That’s why we all need to understand how truly powerful this idea is: Whatever we think about consciously and subconsciously manifests in our daily life.
In other words, what we focus on grows bigger in our daily lives, and what we ignore grows smaller.
This concept applies to everything, including all the negative, self-limiting, and doubting thoughts that hold us back, as well as the confident, determined, supportive thoughts that propel us into positive action.
While you may give thought to what you eat on a daily basis, making sure it’s healthy and good f or you, do you do the same with your thoughts?
Remember, it takes vigilance to examine and if necessary, to remove the thoughts that run through our minds. And yet, how successful could anyone be with an inner dialogue that repeats “you can’t do it.” Ask any successful person and they’ll tell you the same thing: while they may have had that voice in their head, they chose not to listen to it.
Next time you are standing in front of a mirror, take a few minutes to look at yourself. I mean really look at yourself. While you’re there, quiet your mind and listen to the thoughts that come next. Don’t be discouraged if you hear nothing, or have trouble quieting your mind. You may even find that you have a hard time looking at yourself. This is a form of meditation and it takes practice and patience.
The topic of Love encompasses many areas of our intricate lives. Love is more than loving another person; it includes loving ourselves, accepting faults, practicing gratitude and loving through difficult situations, among many other things.
Did you celebrate Mother’s Day or Father's Day recently? Like we do on that special holiday, it’s important to express gratitude for our mothers, fathers and parental figures in our lives, every day! Even if you weren’t close to your mom or dad, chances are there was some adult whose opinion of you mattered.
Why do we often wait to only once a year to tell someone how much they are appreciated or how much they’ve helped us?
Try some spontaneous kindness and see how it makes the recipient feel, and pay attention to the wonderful feelings that you’ll also participate in. Think of gratitude and kindness as like any other skill that you want to master in life – it just takes practice!
While you’re spreading some thoughtfulness to others, don’t forget about you! We can be our own worse critics, but there’s a lot we do really well. Determine each day to get to know yourself a little better and get to know what’s true for you – and have fun doing it!
Remember my question from the beginning of Seven Steps to Inner Power?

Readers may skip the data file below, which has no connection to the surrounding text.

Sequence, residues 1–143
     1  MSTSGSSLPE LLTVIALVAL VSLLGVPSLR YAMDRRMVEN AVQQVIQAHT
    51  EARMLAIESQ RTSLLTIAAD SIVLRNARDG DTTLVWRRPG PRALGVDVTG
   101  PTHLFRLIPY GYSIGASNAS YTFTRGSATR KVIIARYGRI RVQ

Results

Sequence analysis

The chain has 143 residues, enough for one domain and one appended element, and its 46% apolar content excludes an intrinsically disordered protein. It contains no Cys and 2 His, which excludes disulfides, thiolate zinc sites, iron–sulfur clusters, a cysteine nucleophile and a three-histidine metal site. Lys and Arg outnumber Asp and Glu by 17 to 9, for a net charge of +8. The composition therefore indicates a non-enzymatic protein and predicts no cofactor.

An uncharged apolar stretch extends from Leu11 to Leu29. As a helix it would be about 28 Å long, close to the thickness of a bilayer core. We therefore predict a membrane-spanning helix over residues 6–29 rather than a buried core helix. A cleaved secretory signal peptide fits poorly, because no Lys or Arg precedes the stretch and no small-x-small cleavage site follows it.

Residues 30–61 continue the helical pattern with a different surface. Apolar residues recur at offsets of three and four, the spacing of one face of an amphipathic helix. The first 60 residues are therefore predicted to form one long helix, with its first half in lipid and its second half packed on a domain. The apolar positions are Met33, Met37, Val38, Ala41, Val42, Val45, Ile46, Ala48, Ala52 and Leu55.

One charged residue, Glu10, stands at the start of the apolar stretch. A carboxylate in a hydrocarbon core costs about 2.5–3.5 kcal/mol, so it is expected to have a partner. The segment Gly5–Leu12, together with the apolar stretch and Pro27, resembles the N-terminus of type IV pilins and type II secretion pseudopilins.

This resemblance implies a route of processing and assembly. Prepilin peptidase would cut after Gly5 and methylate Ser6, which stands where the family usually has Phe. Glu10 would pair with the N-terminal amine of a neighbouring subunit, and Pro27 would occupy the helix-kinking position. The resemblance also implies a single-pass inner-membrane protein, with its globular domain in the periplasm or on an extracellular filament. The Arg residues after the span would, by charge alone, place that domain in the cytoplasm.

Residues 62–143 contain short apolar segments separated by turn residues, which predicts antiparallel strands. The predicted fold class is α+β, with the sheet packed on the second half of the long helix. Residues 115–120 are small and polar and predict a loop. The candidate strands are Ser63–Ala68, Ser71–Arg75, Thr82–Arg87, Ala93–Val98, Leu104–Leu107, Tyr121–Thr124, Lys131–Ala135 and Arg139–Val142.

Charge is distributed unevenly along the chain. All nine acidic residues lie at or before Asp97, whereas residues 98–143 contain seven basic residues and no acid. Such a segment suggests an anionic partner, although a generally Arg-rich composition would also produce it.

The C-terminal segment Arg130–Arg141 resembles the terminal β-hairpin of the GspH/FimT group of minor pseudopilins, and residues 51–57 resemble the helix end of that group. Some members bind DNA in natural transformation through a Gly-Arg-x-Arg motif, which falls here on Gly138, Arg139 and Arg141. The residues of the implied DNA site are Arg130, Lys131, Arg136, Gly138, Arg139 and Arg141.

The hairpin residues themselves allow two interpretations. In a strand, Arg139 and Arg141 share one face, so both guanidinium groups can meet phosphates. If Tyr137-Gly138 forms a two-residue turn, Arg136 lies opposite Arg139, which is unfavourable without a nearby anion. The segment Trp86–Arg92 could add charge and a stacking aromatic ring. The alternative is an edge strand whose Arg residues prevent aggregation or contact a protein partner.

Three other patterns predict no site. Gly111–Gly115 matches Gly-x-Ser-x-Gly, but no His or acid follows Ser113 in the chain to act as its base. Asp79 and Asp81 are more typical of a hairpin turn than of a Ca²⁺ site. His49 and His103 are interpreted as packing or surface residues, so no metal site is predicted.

Asking this and seeking the answer is absolutely essential if you wish to express your fullest potential in life. Loving yourself is an important part of the answer.
While you’re reading through this, try to think about times when you may have felt critical of others or yourself. Did holding those feelings help the situation or did they make it worse?
As you become more aware of the energy and emotions you want to purge from your environment, try your best not to get caught up in criticizing yourself for the attribute you want to be rid of. Please don’t be too hard on yourself for having apprehension or being restless or annoyed. The fact that you’re taking notice of these tendencies means that you’re doing something – you’re starting taking first steps to take control of your life. As I mentioned earlier, try to analyze these shortcomings with a very close eye.
When you’re driving down an old road on a hot day and your car gets covered in dust, you wouldn’t think of it as right or wrong. You understand that this is something that just happens, and you make a mental note to get the car washed the next time you’re in town. Let’s pretend you’re in a car and it begins to rain, naturally your front window begins to get wetter and wetter so you turn on the windshield wipers to see better. You’re not going to blame the rain for messing with you and say, “Why is this stupid water getting on my windshield and all over my car, and on a Monday of all days!?”
It doesn’t really matter how you feel about the rain, partially because the rain doesn’t care about you either. Maybe you have been experiencing a major drought where you live and you welcome the downpour with open arms, or maybe you’ve had drenching floods lately and you don’t want to see another drop of rain for the rest of your life. Regardless of how you feel, you have to deal with what’s happening in the moment. Getting worked up and allowing emotions to negatively influence you won’t help. In order to move forward, you have to establish a balance, be positive, and take appropriate measures.
Life is like sailing across an ocean, and in the same way that you experience rough and turbulent weather at times, so too will you experience fear or doubt or jealousy and you’ll want to have your umbrella with you. That’s perfectly natural. Observe these attitudes for what they really are and, becauseyou’re being consciously aware just know that they’re holding you back, set your sights on removing them and replacing them with belief in yourself as your own unique person, gratitude for what you already have, and excitement to be alive with a new day of opportunity ripe for the takinIf you connect with what you’ve read here you might enjoy the book I wrote SEVEN STEPS TO INNER POWER, where I talk about other life experiences and what I’ve learned in the process.
Here is an excerpt from my book, SEVEN STEPS TO INNER POWER. As you read through this, think about times when you've held on to items from your past - did that help or hinder you?